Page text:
We’ll discuss our two readings from last week, to help set the tone for our first unit.
Throughout this first unit, you are also expected to complete these additional readings at your own pace. (Some are lengthy. Pace yourself.) While we won’t have an in-class discussion, they are to serve as additional reference and fodder for your project and classwork.
Our first project
Let’s discuss the project and its requirements in detail.
We’ll take our break here, again for about ten minutes. Please be back on time!
Getting into typography
We’re going to go through a quick history of typography, and what to look for as you begin to work with type.
An exercise in type hierarchy
We’ll do a quick walkthrough of Figma (you should have already made accounts). We’ll talk about how to set up frames (artboards) and the basics of type. Everybody should join our team:
And then follow along in our design file for today:
Once we’re done, pick one of our past two readings—The Crystal Goblet or A Handmade Web—to create five different type explorations (in your own files, use your first name). Create these in our project (folder) for today:
These explorations should follow the example in our demo—laying out the reading’s title, author, and first paragraph in different visual and hierarchical explorations. You should consider how each visual exploration will be perceived differently and each direction should be distinct from another. (We don’t want to see five different layouts all in Helvetica… unless you could make them very unique within that limitation.) Use only type, color, and spacing to achieve this.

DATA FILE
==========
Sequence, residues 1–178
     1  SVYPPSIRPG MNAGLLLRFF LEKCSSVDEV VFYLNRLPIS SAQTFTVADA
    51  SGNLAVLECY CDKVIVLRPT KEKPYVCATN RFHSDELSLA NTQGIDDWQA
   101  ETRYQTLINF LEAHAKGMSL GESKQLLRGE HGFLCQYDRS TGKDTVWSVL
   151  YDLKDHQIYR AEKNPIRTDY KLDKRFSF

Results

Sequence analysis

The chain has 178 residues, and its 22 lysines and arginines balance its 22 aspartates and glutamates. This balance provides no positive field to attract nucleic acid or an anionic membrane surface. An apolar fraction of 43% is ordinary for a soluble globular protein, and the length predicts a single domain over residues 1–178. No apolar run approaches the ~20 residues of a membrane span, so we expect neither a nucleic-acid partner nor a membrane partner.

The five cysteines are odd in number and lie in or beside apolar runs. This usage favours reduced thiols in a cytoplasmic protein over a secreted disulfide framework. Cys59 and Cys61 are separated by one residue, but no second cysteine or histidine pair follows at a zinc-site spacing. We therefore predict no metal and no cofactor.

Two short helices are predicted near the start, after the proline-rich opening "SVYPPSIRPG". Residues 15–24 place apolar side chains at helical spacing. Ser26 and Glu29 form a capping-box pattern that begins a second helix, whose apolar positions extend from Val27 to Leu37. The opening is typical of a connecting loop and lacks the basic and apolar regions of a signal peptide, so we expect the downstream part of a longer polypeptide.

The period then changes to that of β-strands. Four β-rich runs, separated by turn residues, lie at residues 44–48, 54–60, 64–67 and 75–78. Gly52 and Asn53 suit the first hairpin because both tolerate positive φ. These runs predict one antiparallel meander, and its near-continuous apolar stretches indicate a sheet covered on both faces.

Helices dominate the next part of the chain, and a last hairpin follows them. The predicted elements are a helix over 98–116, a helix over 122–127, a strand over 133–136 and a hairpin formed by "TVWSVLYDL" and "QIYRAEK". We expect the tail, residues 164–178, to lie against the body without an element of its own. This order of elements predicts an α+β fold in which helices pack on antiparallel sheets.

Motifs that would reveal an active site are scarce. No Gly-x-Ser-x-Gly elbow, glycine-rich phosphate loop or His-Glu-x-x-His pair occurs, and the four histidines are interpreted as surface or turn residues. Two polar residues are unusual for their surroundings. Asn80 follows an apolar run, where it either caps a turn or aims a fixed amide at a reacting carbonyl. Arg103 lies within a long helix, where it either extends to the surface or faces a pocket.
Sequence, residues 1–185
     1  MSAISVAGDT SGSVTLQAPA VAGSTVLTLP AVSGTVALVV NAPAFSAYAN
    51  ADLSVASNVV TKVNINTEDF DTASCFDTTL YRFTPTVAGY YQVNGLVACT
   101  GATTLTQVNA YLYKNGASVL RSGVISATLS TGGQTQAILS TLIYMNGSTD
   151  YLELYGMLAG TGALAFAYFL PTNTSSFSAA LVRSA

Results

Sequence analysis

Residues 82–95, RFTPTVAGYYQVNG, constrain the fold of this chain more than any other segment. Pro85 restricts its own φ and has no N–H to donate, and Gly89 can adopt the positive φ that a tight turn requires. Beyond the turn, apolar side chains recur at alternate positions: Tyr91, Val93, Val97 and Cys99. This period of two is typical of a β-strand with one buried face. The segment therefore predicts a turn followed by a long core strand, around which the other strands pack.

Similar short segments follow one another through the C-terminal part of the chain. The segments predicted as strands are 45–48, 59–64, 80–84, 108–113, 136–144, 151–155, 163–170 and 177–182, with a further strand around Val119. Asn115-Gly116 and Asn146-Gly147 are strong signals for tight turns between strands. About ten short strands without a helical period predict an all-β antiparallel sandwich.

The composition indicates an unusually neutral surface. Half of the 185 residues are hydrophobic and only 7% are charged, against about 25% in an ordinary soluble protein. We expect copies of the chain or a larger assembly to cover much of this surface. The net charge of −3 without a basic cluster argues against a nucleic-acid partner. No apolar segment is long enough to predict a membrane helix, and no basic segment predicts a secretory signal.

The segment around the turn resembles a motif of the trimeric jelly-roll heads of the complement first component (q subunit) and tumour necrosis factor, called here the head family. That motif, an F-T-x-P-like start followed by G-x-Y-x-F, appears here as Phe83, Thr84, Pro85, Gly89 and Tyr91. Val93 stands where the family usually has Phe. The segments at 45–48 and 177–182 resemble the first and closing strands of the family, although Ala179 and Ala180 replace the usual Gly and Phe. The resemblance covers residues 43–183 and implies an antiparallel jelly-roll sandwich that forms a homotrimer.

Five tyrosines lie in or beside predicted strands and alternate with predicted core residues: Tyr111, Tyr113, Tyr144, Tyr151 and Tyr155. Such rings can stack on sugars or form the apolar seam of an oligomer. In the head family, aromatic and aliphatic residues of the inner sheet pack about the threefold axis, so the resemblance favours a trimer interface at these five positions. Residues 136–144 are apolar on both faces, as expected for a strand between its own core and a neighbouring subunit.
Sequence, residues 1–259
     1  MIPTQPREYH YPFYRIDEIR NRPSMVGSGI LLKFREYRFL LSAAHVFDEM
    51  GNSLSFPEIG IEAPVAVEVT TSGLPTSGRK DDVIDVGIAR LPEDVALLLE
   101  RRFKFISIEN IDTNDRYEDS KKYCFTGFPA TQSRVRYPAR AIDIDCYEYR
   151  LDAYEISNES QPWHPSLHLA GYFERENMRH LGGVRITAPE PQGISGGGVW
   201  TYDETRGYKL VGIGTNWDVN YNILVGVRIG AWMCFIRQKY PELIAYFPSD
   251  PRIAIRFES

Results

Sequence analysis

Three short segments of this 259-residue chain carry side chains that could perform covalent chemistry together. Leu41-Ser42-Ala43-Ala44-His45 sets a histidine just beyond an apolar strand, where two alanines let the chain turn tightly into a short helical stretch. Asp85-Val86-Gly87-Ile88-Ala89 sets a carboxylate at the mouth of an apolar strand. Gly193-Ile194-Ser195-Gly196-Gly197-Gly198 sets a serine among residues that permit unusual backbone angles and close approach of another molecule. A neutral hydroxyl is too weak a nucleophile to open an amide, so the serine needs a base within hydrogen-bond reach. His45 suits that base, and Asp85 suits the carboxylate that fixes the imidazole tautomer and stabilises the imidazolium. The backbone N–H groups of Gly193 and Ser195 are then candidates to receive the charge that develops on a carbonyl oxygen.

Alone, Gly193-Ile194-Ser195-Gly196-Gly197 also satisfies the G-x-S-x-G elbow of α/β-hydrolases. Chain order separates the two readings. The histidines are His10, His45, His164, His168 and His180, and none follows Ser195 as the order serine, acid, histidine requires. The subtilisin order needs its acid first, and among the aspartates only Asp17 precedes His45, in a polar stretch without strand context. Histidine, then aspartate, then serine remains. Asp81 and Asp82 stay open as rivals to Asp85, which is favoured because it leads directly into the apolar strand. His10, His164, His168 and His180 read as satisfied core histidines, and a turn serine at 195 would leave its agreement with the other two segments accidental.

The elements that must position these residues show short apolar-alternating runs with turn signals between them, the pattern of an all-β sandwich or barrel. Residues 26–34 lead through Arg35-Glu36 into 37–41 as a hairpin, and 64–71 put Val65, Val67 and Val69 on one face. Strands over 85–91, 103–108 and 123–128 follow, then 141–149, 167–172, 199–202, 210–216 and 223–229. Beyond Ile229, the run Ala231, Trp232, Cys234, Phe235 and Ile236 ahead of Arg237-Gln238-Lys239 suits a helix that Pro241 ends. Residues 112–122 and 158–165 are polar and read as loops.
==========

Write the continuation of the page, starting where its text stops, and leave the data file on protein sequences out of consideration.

For next week
Download Visual Studio Code, which we’ll use as our text editor for the course. Have this installed on your machine by next class.
Finish your type hierarchy exercise, if you didn’t already in class. By next session, submit your explorations with a link to your Figma file:
Please organize your frames and link us directly to where we need to be.
Select your text for Project 1: Manuscript and add it this list:
We’re not going to allow any duplicates, so pick your text early!
Read your text (or a chapter if it is lengthy—ask if you are unsure) and write a short response. You’ll use these both as the content for your project. Add a link to your response, above.
Sketch five different directions for laying out your text and response. Be ready to present these in class next week—we will select some folks at random. Submit your Figma links for these, as well: